A: In the early days, I was very hands-on, competitive, and continuous improvement was my obsession: more than yesterday and less than tomorrow. We have a business philosophy that I wrote in 1988 in order to facilitate the transmission of the values and the culture. I always had the goal to be the best in my field and work towards excellence, not perfection.
Our philosophy is simple and can be summarized by three letters, GCS, for Good Common Sense. We use the “feu sacré”—the eye of the tiger, the fire that burns inside—as the rallying expression to communicate the importance of working as a team to win the cup. It starts with good attitude, pride, sense of belonging, team spirit, attention to details, rigor, open-mindedness, continuous improvement and a sense of urgency. In summary, it’s the passion and desire to be the best in our industry.
Q: Talk about how your technical aptitude has helped shape the way quality hardwood flooring is produced today.
A: When I started back in 1983, I knew nothing about wood flooring, and in order to learn, I asked a ton of questions and challenged everything: Why this? Why not that? In the ’80s, we were making unfinished only. We started to prefinish in January 1990, when we launched Mirage, and it was a totally different game. We took a huge risk.
We had no choice but to be better than everybody else. What was on the market at the time had three coats and a big bevel, so everybody was sanding piece by piece. We went with five coats and a smaller bevel so we could sand a panel at a time, as if it was sanded on site. We were the first to do that. When others went to five coats, we went to seven, then ten. We were always a step ahead.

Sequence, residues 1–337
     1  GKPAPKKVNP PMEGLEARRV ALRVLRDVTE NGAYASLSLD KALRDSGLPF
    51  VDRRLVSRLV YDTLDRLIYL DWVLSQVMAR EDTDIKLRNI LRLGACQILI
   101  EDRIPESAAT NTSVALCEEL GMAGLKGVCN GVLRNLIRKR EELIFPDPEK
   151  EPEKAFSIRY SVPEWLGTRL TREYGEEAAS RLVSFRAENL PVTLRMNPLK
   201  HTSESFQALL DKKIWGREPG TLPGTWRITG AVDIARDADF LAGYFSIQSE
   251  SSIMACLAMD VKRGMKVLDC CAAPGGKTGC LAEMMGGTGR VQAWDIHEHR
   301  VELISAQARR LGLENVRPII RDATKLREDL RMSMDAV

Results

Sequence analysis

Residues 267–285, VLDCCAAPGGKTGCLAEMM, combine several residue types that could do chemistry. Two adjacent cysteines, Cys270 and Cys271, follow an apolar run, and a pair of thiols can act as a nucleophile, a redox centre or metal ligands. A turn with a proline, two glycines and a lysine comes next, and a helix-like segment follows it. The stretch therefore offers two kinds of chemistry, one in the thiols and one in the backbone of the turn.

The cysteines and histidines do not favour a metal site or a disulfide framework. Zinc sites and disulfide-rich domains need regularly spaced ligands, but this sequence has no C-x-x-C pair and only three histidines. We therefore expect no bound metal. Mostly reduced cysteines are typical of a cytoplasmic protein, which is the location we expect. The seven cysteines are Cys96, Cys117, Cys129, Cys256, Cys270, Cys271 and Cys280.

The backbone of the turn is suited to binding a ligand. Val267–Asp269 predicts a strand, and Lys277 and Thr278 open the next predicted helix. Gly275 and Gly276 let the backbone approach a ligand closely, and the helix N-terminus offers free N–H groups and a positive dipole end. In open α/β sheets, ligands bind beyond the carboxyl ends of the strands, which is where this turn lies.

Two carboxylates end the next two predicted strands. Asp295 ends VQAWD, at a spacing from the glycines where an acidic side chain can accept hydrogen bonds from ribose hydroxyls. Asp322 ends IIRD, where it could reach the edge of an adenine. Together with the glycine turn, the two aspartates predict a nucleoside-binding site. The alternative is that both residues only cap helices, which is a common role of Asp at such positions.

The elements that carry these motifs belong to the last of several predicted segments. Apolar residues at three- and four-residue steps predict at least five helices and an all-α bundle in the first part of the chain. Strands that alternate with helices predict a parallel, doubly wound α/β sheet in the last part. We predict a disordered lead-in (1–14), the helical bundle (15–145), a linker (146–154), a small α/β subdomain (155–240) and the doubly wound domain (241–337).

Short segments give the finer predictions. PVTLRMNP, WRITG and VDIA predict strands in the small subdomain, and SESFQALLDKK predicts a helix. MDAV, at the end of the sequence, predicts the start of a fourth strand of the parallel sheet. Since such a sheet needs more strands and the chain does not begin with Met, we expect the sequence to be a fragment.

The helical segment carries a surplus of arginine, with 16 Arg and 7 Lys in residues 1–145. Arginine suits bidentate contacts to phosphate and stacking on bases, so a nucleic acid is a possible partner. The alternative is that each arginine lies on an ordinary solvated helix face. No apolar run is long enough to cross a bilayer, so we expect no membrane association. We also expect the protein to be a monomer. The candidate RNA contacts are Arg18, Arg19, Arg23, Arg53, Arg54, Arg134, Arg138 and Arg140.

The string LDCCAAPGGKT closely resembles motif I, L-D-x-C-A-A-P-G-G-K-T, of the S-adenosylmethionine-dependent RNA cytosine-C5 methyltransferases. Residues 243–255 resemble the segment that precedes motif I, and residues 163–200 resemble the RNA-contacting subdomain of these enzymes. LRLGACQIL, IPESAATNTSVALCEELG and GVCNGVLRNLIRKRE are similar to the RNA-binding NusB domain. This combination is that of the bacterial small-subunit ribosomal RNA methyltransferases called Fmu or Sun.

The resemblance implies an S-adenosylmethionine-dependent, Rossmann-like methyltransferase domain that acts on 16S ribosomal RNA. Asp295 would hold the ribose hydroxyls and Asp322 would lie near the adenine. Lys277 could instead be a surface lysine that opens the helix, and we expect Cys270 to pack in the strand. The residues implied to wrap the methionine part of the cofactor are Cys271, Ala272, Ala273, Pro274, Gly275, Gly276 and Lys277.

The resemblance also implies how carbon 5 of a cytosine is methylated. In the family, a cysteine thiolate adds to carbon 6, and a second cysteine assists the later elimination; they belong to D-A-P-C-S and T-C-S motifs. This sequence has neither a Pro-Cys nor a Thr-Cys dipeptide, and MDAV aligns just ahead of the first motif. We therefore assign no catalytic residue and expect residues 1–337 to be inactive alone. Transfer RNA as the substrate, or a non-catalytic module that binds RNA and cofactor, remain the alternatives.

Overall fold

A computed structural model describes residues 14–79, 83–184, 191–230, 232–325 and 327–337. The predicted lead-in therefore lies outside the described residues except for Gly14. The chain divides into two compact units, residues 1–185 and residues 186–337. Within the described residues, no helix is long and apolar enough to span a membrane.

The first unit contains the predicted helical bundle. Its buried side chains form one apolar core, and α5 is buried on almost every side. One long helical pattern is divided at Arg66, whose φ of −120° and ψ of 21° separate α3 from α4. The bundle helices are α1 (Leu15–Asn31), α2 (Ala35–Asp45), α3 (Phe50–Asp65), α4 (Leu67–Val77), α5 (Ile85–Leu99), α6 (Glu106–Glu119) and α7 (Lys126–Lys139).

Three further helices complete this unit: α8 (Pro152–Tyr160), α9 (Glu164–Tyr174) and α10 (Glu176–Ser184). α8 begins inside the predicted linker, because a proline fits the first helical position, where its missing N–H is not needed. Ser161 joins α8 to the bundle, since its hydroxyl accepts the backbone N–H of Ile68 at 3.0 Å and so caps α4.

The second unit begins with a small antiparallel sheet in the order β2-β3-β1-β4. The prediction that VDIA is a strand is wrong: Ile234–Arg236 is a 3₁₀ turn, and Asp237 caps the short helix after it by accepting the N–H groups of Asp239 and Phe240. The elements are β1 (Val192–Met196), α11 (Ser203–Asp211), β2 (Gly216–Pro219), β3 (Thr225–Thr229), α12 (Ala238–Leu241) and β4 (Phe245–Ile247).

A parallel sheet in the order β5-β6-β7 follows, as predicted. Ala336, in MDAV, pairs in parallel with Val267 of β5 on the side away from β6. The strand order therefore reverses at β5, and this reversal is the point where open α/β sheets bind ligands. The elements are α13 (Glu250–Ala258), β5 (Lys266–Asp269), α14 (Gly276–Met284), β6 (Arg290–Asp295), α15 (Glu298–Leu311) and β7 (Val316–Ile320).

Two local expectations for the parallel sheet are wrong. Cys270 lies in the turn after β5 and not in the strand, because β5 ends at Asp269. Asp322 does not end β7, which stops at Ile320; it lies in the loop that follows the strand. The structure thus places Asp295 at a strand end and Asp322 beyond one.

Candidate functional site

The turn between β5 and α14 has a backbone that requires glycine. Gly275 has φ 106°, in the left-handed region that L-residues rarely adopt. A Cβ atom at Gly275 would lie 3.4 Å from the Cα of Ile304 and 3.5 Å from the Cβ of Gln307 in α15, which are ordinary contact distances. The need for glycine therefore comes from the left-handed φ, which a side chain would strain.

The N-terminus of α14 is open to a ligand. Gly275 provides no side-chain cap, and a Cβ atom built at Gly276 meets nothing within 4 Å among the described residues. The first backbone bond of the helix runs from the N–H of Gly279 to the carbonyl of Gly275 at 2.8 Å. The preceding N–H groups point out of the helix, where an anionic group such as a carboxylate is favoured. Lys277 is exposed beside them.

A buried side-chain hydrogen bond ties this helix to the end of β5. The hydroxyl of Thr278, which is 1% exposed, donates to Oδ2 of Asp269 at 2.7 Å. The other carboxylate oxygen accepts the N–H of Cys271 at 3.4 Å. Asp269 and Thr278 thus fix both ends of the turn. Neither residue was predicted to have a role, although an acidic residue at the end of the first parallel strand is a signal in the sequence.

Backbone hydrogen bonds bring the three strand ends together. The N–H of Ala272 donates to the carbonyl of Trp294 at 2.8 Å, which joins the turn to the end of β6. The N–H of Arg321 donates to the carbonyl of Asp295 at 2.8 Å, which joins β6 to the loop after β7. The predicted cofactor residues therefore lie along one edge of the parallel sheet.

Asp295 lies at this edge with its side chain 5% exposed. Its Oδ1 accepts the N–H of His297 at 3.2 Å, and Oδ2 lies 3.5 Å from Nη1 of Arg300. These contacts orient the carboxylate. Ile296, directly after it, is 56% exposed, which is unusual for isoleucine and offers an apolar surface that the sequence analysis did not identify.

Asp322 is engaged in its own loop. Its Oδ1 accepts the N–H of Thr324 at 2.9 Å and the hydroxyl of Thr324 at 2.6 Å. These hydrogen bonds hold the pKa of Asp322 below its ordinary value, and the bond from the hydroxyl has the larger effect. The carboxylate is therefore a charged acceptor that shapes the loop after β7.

Q: Many would agree that building two companies and serving on the board of several others qualifies you as a motivated entrepreneur. What feeds this drive?
A: It’s again the spirit and the desire for continuous improvement, to be the best in our field. We have great people and they operate the daily business side. My role today is more of a mentor, and I still need to learn from others, which I do from my various activities.
Q: Explain your channel and branding strategy for Boa-Franc and Mirage.
A: Our intent from the beginning was always to produce the best hardwood floors, so we positioned our brand that way, promoting our quality and the attention to detail in every aspect of our production. The best channel to explain and represent that philosophy was the specialized flooring retailers who are knowledgeable and can take the time to explain to their customers why and how our brand is different.